The star reaches a critical mass and ignites, blowing away the surrounding material. (OP emphasis)
I think the misunderstanding is that it's not that explosive when the star "lights up". The process is in some sense continuous, so the nuclear reactions start slowly and gradually increase in strength as the star continues to contract, grow, and heat up inside. Once the amount of radiation from the surface becomes sufficiently hot, we can speak of "blowing away" material, but even then it's not violent. The absorption of light in the gas creates a pressure that pushes the gas away. It picks up pace as the star settles down (and depending on how massive the star is), but it's broadly a consistent stream. (Astronomers are probably unwise to use the word "ignite" because all we mean is that the nuclear reaction rates become non-negligible. It's not like a rocket taking off or something.)
Generally, star formation is a poorly-understood process and a hot topic for research. For stars larger than about 7 solar masses, we think that nuclear reactions begin before all the material has gathered in the star. i.e. while some is still flowing on. If this happens through a disk, then the light can stream out everywhere but the equator without much affecting the growth of the star.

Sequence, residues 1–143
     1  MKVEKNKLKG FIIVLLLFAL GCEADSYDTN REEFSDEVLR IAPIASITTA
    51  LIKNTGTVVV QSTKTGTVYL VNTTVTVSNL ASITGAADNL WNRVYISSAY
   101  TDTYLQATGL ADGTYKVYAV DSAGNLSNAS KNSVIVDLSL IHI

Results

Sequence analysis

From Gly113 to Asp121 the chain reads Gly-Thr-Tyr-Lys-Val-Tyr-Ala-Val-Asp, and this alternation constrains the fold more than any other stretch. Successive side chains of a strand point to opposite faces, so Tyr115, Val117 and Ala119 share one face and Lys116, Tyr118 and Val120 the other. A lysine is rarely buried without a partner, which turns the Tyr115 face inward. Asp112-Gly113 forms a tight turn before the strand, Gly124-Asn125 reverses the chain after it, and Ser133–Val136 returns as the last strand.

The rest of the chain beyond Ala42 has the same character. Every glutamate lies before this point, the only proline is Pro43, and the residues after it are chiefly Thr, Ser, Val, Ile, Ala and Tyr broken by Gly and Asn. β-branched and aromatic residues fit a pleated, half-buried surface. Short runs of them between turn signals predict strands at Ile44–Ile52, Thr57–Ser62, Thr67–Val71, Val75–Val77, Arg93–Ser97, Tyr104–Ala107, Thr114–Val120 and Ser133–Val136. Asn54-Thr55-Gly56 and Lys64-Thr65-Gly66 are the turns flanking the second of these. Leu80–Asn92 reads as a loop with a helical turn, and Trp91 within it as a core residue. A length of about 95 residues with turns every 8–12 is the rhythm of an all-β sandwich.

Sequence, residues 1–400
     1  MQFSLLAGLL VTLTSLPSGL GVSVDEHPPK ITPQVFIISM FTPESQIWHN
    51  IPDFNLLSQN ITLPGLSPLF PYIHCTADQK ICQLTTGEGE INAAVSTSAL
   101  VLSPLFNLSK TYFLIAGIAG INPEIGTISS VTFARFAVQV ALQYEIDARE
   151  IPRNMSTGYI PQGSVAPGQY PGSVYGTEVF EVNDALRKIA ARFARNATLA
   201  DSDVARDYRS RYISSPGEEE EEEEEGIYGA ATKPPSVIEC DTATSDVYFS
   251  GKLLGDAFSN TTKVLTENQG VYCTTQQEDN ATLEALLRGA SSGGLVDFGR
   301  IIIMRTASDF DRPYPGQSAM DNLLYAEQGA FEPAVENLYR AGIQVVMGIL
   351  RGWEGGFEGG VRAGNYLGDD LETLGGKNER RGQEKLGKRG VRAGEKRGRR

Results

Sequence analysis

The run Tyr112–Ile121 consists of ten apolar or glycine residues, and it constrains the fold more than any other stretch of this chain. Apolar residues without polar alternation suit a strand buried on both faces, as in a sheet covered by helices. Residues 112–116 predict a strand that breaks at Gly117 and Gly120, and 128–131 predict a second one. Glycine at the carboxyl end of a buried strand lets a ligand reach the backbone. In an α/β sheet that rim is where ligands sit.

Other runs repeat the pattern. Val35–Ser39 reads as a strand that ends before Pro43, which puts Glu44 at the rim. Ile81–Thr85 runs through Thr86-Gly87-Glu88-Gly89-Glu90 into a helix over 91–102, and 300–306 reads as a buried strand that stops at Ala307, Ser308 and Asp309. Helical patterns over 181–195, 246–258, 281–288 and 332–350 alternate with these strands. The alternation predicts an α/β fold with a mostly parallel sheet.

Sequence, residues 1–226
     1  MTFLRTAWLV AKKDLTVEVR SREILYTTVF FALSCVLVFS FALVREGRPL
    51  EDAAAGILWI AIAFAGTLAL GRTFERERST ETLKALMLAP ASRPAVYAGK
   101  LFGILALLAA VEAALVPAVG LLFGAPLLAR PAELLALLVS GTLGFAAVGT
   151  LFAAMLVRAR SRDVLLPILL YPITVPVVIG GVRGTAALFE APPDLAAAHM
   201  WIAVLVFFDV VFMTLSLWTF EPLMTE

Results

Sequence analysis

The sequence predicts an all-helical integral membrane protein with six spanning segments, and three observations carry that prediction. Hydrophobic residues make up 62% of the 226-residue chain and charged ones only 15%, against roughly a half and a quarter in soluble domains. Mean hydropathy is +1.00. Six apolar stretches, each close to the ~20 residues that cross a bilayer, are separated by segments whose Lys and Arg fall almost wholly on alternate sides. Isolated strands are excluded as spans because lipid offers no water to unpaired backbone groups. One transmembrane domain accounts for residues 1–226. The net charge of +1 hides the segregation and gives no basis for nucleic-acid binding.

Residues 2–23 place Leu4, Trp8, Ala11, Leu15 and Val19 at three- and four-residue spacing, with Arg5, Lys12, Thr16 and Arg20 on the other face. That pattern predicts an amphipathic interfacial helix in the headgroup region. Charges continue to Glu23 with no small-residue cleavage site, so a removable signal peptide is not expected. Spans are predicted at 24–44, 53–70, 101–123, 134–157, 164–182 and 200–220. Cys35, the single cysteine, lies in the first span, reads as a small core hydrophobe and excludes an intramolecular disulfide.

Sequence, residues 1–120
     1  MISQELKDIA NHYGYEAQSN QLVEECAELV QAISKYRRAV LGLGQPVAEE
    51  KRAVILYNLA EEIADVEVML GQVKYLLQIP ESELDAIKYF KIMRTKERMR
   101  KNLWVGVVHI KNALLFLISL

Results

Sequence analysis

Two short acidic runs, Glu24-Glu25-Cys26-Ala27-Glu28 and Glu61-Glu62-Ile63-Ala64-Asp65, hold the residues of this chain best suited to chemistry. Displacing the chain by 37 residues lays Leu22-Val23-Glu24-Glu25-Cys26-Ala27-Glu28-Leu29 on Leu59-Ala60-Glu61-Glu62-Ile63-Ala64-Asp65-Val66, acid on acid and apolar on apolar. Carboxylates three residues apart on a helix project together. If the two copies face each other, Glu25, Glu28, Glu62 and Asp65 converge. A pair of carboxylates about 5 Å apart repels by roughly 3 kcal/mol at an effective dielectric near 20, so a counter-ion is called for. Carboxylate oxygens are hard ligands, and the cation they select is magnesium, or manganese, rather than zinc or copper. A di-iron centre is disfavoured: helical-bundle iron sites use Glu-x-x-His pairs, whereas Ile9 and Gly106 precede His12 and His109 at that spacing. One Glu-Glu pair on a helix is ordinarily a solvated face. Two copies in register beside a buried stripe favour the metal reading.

That said, at very high masses, you do run into a problem of blowing mass away. For this reason, we don't really expect to see many stars over a few hundred solar masses, and those that are can be violently unstable (like Eta Carina, which threw off about 10 solar masses of material in the mid-19th century).
And as for stars genuinely "blowing up", this does happen in other circumstances. For example, in the core of a solar mass red giant, matter becomes nearly isothermal. It eventually gets hot enough to ignite helium, and it nearly all lights up at nearly the same time in a helium flash. This briefly produces as much light as a small galaxy! But only very briefly, and it doesn't make it to the surface for us to see. Incidentally, this is also the same mechanism as Type Ia supernovae: an isothermal carbon-oxygen white dwarf accretes matter until the carbon lights up, and the whole white dwarf basically ignites at the same time.